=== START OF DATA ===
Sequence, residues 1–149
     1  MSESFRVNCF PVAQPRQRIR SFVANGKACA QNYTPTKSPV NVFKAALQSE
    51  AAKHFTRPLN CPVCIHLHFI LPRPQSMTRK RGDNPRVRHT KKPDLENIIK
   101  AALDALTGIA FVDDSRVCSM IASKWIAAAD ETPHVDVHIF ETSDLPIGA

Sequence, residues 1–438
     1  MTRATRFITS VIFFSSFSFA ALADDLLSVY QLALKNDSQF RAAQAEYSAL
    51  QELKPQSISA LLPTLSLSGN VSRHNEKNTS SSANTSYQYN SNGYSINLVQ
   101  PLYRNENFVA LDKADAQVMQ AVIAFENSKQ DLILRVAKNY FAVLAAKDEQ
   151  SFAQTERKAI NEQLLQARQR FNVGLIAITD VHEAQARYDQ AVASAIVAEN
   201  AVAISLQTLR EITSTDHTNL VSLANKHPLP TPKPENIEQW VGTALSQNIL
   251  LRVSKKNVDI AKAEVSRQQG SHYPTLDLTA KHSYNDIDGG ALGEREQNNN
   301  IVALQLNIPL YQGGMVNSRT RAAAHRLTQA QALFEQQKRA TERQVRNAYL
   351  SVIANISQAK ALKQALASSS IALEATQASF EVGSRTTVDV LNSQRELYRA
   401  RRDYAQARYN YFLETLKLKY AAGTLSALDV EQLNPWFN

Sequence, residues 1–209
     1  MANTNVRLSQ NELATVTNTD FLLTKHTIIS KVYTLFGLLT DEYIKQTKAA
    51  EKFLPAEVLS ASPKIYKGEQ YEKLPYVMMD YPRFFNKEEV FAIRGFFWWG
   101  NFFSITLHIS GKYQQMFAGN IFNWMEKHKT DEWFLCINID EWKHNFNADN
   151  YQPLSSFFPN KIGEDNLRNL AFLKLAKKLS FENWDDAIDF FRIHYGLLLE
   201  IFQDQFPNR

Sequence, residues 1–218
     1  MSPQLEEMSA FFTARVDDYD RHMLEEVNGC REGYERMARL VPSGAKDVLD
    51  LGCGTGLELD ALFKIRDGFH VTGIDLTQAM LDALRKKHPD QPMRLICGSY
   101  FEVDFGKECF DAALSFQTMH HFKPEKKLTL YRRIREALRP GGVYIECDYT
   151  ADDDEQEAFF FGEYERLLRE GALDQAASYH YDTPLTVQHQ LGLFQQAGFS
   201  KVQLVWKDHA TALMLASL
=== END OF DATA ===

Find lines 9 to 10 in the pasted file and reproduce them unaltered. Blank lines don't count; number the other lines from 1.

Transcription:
   151  SFAQTERKAI NEQLLQARQR FNVGLIAITD VHEAQARYDQ AVASAIVAEN
   201  AVAISLQTLR EITSTDHTNL VSLANKHPLP TPKPENIEQW VGTALSQNIL